Pacific Pests, Pathogens and Weeds - Online edition

Pacific Pests, Pathogens, Weeds & Pesticides

Sorghum midge (336)

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  • Worldwide distribution. Sorghum (grain and forage), and wild grasses (especially Johnson grass). A major fly pest.
  • Larvae eat the young seed heads.
  • Midge, mosquito-like, orange, up to 2 mm long, clear wings, long antennae, and, for females, a long thin ovipositor. Eggs laid into flowers.
  • Eggs hatch, larvae are white then orange, 2.5 mm long, spindle shaped. Pupae on the flower head. Some larvae go into resting phase, up to 5 years.
  • Spread occurs when grain is moved with larvae in resting phase.
  • Natural enemies: several parasitoid wasps, but only partially effective.
  • Cultural control: plant early; weed grasses; increase seeding rate; rotate with sugar cane or peanuts; legume intercrops; burn stubble; resistant varieties.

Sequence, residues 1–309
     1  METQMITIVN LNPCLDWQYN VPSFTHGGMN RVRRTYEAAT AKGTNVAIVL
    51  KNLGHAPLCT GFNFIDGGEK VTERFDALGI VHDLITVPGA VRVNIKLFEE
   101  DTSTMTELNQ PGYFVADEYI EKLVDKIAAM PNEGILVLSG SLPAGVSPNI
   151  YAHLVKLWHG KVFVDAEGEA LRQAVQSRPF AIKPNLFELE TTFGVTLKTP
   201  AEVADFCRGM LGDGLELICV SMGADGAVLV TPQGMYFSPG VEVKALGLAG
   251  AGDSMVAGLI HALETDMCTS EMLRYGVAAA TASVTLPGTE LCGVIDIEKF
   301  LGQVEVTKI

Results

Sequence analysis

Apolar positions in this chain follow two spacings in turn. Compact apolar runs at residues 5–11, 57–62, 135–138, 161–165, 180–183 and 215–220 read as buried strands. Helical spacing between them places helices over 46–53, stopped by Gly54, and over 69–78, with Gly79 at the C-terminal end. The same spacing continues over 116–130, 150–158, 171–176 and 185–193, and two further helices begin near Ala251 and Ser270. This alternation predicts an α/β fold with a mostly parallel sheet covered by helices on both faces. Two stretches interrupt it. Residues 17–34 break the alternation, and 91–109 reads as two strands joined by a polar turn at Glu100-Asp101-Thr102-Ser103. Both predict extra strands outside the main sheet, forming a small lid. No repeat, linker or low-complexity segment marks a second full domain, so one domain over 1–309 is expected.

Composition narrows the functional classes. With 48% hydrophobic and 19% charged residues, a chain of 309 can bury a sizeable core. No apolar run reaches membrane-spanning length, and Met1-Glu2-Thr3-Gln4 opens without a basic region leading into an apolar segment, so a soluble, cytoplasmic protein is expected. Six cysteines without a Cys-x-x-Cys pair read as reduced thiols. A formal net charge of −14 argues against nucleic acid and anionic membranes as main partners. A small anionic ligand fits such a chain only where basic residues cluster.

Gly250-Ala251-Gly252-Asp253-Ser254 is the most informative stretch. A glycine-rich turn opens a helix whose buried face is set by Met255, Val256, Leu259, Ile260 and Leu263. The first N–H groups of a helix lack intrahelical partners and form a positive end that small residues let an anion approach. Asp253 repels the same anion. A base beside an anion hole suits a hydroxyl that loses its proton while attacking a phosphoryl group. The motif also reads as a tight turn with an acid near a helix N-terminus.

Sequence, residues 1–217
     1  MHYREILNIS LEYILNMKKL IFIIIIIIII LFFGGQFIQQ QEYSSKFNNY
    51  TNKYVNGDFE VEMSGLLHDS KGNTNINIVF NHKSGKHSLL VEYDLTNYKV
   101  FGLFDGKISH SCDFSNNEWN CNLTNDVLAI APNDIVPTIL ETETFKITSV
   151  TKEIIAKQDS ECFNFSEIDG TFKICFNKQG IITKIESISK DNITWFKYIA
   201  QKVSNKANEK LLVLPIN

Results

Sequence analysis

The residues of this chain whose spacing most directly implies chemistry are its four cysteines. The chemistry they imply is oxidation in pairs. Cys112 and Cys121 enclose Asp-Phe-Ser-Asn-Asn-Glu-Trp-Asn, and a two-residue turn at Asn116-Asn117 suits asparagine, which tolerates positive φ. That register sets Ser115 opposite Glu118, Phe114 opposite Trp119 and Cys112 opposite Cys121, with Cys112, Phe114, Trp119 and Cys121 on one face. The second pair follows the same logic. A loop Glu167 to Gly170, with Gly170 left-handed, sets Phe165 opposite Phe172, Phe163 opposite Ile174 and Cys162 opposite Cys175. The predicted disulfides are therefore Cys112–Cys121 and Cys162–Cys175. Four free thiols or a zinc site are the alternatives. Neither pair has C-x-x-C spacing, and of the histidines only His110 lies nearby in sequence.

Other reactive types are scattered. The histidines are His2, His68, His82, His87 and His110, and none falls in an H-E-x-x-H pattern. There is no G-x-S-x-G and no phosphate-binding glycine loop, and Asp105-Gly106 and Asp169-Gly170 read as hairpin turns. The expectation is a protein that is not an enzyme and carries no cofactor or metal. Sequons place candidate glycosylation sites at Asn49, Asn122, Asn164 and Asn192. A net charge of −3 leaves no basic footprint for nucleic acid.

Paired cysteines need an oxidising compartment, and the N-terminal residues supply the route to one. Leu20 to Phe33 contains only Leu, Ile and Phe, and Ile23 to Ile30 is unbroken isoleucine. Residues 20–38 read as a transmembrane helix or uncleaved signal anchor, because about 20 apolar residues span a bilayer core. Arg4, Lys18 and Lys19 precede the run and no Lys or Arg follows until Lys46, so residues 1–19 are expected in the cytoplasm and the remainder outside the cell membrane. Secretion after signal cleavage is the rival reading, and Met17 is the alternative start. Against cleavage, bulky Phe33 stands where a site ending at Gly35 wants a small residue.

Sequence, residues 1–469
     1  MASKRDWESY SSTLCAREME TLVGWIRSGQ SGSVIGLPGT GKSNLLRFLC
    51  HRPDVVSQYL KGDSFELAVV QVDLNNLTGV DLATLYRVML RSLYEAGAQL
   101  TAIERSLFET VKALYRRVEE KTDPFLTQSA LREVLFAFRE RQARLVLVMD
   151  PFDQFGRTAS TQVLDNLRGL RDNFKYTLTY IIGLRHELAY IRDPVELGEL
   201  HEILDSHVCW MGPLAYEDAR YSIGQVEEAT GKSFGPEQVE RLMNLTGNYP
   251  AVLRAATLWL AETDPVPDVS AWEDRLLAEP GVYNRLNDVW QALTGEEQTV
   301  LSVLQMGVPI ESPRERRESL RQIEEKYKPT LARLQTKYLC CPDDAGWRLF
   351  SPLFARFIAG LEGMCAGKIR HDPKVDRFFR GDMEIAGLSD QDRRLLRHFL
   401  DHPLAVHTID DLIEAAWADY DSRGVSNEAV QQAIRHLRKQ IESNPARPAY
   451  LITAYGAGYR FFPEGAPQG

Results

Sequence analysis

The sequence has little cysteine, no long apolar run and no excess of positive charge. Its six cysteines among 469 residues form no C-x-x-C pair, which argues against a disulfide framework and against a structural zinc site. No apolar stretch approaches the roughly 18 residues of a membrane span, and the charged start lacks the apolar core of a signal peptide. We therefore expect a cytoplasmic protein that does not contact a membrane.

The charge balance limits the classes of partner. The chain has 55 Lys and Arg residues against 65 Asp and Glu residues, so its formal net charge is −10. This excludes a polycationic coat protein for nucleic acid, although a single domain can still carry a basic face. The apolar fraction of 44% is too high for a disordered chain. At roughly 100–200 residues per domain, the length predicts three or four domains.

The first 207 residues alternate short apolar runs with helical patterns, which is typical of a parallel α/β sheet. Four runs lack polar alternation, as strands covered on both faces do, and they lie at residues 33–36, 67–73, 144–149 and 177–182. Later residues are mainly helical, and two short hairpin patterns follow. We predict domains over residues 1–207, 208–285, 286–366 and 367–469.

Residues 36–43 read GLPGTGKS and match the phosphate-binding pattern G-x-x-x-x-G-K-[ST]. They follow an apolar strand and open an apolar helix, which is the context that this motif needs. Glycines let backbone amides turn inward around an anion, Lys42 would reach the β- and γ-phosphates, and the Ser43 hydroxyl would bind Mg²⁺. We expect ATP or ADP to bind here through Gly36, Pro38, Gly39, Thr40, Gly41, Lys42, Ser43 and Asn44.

• Chemical control: if  >1-2 midges/head at flowering apply synthetic pyrethroids.
Common Name

Sorghum midge

Scientific Name

Stenodiplosis sorghicola; previously, Contarinia sorghicola.

AUTHOR Grahame Jackson
1Information from Swaine G (1971) Agricultural Zoology in Fiji. Her Majesty's Stationery Office. London; and CABI (2015) Stenodiplosis sorghicola (sorghum midge) Crop Protection Compendium (; and from Business Queensland (2020) Sorghum midge. Queensland Government. (; and from DAF (2018) Insect pests management in sorghum. Queensland Government. ( Diagram Mississippi State University Extension. ( Photo 1 Alton N. Sparks, Jr., University of Georgia.

Produced with support from the Australian Centre for International Agricultural Research under project PC/2010/090: Strengthening integrated crop management research in the Pacific Islands in support of sustainable intensification of high-value crop production, implemented by the University of Queensland and the Secretariat of the Pacific Community.

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